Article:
Madam Mary Gyasi, the Deputy Upper West Regional Population Officer has advocated the need for communities to allow pregnant girls to further their education after delivery and not force them into early marriages.
She noted that the practice of forced marriages was inimical to the wellbeing of young girls and advised parents to stop it and encourage their girls to go back to school.
Madam Gyasi who was speaking at Nakore in the Wa Municipality during the celebration of the 2020 World Population Day, noted that women and girls in the region had diverse experiences in terms of protecting their health and rights.
The 2020 World Population Day celebration was on the theme: “Putting the brakes on covid-19: Safeguarding the health and rights of women and girls now”.
These experiences according to Madam Gyasi included forced marriages, early marriages and inability to make decisions.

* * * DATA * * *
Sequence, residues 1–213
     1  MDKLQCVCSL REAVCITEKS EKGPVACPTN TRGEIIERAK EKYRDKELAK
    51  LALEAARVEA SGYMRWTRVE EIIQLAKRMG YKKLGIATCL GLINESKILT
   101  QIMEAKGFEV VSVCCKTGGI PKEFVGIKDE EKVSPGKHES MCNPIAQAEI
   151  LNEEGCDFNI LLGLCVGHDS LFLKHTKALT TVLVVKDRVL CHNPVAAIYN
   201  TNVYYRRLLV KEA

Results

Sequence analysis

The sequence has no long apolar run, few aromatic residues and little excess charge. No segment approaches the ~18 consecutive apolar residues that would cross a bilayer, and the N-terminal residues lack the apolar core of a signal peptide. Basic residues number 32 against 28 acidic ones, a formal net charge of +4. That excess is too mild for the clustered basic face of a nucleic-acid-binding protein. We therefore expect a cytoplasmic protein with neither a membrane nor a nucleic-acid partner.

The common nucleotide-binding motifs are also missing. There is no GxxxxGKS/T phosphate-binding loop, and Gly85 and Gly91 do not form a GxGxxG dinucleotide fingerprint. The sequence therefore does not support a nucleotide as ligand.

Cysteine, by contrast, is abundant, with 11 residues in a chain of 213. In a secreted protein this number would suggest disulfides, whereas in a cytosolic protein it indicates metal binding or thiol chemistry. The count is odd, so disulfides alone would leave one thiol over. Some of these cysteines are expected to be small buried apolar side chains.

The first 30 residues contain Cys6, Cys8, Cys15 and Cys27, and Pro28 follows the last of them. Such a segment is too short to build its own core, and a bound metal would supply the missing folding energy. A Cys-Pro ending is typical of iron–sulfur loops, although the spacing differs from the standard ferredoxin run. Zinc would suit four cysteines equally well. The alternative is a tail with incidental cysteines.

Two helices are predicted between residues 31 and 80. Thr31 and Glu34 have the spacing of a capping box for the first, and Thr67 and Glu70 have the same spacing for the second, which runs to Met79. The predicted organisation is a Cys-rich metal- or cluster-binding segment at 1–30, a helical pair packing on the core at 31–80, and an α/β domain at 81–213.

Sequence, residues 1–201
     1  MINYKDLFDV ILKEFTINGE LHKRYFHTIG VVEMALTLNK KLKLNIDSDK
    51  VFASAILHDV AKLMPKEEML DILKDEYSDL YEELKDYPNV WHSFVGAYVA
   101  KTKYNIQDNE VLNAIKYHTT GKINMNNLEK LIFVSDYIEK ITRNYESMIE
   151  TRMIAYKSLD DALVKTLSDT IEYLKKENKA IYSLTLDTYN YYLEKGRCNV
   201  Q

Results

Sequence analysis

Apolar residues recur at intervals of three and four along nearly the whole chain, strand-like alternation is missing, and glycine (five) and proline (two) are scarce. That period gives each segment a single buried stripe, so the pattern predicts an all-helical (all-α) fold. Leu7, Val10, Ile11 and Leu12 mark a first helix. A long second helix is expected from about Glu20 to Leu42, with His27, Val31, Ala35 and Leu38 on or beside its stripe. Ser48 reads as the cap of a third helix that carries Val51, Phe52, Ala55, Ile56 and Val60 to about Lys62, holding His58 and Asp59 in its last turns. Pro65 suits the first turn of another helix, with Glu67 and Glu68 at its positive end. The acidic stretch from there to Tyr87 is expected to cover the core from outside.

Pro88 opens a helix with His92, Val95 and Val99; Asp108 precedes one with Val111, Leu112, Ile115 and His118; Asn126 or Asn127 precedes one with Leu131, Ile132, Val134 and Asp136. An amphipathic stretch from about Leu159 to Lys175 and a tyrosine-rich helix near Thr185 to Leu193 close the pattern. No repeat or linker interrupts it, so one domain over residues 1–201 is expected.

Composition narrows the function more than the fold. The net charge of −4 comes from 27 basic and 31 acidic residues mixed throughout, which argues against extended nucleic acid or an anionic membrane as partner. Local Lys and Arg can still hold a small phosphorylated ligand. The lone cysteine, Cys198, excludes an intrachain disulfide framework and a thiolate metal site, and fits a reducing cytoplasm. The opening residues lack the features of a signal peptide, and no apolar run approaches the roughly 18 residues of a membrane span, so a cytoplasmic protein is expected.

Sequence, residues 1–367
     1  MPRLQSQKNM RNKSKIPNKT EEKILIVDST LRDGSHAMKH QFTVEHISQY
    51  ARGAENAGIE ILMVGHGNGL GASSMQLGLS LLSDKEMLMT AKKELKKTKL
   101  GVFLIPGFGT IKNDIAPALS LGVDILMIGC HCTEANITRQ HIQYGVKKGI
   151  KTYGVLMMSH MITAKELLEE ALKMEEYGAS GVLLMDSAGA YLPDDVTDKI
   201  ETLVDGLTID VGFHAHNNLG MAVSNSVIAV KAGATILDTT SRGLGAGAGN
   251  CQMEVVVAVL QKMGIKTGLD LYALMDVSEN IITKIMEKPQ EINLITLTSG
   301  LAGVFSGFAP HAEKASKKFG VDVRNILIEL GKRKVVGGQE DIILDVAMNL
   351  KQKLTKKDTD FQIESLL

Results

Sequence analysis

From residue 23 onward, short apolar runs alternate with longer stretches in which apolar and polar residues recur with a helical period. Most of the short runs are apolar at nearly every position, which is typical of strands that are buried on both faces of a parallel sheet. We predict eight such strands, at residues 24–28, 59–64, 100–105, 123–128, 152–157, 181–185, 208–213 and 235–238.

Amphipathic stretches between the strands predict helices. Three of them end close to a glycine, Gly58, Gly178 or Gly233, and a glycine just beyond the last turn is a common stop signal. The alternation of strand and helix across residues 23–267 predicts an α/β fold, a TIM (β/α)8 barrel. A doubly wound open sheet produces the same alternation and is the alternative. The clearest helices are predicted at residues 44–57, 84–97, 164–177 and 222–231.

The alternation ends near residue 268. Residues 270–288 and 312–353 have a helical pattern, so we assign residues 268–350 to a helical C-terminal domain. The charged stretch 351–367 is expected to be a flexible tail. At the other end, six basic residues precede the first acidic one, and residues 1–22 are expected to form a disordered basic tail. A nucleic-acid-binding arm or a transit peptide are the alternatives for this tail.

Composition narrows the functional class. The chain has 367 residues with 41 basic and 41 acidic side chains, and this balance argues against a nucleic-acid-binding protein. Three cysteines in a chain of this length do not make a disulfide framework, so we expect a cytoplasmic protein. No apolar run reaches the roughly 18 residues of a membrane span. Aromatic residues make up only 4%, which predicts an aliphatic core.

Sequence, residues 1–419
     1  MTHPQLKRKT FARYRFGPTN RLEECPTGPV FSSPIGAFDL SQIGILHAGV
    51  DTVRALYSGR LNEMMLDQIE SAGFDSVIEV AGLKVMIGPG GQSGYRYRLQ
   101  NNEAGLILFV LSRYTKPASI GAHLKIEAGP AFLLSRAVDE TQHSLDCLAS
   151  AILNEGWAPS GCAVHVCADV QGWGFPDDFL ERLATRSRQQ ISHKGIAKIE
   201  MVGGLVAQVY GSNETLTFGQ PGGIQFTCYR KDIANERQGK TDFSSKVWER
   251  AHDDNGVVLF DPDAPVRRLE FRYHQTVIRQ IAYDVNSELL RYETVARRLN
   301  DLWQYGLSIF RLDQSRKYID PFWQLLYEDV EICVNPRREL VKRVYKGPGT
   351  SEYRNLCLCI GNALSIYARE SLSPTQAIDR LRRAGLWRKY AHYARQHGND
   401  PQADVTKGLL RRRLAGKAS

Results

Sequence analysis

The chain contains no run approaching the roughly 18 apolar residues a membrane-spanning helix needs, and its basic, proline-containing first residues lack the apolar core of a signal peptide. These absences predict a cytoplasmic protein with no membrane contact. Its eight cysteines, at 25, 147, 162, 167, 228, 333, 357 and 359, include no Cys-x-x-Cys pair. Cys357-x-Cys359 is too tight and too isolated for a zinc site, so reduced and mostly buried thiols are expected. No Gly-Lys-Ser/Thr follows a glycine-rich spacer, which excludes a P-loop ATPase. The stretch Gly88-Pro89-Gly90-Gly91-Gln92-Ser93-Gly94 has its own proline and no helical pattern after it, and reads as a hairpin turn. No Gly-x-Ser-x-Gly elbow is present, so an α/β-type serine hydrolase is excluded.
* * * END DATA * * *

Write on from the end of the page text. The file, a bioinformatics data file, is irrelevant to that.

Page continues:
She stated that women and girls planned better when they attained higher education.
“It is therefore imperative to draw the attention of policy makers, implementers, traditional rulers and the general populace to the issue of how to safeguard the health and rights of women and girls during the trying times of the COVID-19 pandemic”, she emphasized.
She suggested that women and girls in communities should create opportunities to discuss among themselves issues concerning their reproductive health in order to thrive in life.
“To put brakes on COVID-19 and to safeguard the health and rights of women and girls, there is the need for the protocols to be taken seriously in the region”, she said.
She indicated that the 2010 census report showed that the average house size of persons per a house was 8.5, which revealed that an infected person could infect multiple persons who would in turn affect the whole community, hence the need to stay safe.